Exposed tramway rail and ties on Sherbrooke St. W. near Loyola, taken in September 2006.

The city is littered with tramway rails that were merely paved over after the network was dismantled. Some are later exposed through potholes, others because of excavation work, and are slowly being removed. But much of the vast network still remains, just inches below the surface of the street.

Montreal Geography Trivia No. 63

In Quebec, every named street has an official designation, comprising of a generic (Rue, Chemin, Boulevard, Avenue, Ruelle, Croissant, etc.) and a specific (de Maisonneuve, Sainte-Catherine, René-Lévesque). On signs in Montreal, the specifics are written in large letters and the generic in smaller letters on top.

Where there is no generic, or street type, the default is “Rue”, or “Street”.

There is an exception to this, a named road that has no small type on its street signs (old and new), but that isn’t a “Rue”.

What is it? And what type of street is it?

UPDATE: Couldn’t fool you folks. A bunch of you got it right, but once again COOL FAT MICHAEL 1999 FROM DIRTY JERZY was first: It’s Le Boulevard.

Le Boulevard in Montreal

Le Boulevard in Montreal

But it’s also The Boulevard, depending on the sign:

Another sign at the same intersection, only now it's "The Boulevard"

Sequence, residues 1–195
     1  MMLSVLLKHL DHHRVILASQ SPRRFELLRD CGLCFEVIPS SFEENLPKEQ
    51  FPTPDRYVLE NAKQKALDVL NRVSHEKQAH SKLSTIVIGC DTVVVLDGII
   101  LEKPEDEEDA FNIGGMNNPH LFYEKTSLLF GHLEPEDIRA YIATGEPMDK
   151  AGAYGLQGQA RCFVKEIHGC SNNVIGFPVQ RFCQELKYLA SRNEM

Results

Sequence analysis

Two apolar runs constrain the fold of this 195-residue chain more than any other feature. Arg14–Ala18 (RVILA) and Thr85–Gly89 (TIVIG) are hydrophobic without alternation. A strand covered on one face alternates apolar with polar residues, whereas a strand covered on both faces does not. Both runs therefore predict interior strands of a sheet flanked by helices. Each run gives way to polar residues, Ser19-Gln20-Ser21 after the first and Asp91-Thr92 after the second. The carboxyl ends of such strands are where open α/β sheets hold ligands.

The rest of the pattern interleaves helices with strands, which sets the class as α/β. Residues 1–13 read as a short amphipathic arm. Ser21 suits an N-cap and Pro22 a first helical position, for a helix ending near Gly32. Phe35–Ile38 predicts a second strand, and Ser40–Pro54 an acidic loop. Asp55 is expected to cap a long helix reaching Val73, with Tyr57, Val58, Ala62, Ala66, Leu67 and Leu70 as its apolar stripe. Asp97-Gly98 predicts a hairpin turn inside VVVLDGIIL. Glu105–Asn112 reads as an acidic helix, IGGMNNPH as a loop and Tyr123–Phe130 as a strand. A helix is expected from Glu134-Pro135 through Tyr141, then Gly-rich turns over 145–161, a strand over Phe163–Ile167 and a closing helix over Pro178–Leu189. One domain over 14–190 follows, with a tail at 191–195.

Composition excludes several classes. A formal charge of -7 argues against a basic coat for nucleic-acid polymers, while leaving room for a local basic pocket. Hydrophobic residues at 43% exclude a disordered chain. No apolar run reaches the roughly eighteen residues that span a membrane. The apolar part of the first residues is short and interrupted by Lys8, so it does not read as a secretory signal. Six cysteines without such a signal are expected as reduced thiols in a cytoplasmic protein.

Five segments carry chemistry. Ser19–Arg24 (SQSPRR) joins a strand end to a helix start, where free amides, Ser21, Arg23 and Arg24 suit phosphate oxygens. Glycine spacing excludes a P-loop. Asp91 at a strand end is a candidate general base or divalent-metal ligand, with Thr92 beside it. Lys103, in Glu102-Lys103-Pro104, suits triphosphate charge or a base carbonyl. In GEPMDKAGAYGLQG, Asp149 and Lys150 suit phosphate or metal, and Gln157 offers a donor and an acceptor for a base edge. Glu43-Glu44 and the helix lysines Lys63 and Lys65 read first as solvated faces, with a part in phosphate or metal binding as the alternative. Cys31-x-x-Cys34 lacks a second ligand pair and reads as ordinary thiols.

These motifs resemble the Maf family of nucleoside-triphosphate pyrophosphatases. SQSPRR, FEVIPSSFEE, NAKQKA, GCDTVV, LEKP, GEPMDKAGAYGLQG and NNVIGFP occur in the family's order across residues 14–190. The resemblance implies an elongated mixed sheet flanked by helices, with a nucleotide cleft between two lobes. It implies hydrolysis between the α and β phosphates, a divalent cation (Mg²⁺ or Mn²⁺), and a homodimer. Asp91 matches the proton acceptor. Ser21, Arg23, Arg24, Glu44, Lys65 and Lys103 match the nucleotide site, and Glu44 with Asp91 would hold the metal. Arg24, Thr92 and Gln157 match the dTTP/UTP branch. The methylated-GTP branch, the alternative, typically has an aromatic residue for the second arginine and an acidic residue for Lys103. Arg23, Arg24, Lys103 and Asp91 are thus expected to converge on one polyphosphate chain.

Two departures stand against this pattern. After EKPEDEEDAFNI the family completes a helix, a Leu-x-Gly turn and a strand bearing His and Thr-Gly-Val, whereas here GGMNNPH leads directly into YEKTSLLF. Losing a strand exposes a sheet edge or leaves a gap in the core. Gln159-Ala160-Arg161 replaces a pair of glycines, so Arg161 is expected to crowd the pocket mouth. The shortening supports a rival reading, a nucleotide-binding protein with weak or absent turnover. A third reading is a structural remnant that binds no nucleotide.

Another sign at the same intersection, only now it's "The Boulevard"

And, in case it was ever in doubt, Le Boulevard is officially classified as a boulevard. Though calling it “Boulevard Le Boulevard” would be incorrect.

Similar exceptions in other towns in Quebec are stranger than that. In St. Jérôme, there’s 1er Boulevard, 2e Boulevard up to 5e Boulevard, but those are classified as streets, as are Grand Boulevard in Ile Perrot, St. Bruno and St. Hubert.

Montreal Geography Trivia No. 62

Image from Google Street View

Image from Google Street View

That may look like unexplored prairies beyond, but it will soon become an important traffic link on the island of Montreal. Where is it?

UPDATE: It is, of course, Cavendish Blvd. in St. Laurent, overlooking its coming extension to Henri-Bourassa Blvd. Of course, who knows when it will actually happen. Marc was the first with the right answer and is this week’s winner.

Montreal Geography Trivia No. 59

From Google Maps

From Google Maps

According to Google, it would take an hour to drive this, and 10 hours to walk.

But what are these points?

UPDATE: sco100 gets it right below. These are the residences of the six candidates for Montreal’s mayor (as included in the notice to electors), in the order of their popular vote:

  • A: Gérald Tremblay
  • B: Louise Harel
  • C: Richard Bergeron
  • D: Louise O’Sullivan
  • E: Michel Bédard
  • F: Michel Prairie

Montreal Geography Trivia No. 56

Another suggestion from a reader: Where in Montreal do a street (“rue”) and avenue of the same name intersect?

Bonus half-points if you want to throw in streets and crescents, streets and boulevards, streets and terrasses, etc., which are much more common.

Alexandra Avenue and Alexandra Street

Alexandra Avenue and Alexandra Street

UPDATE: I should have excluded numbered streets and avenues (too easy). The answer I (and contributor Jean Naimard) had in mind was Alexandra St. and Alexandra Ave. in Little Italy. But I’m sure you can come up with others.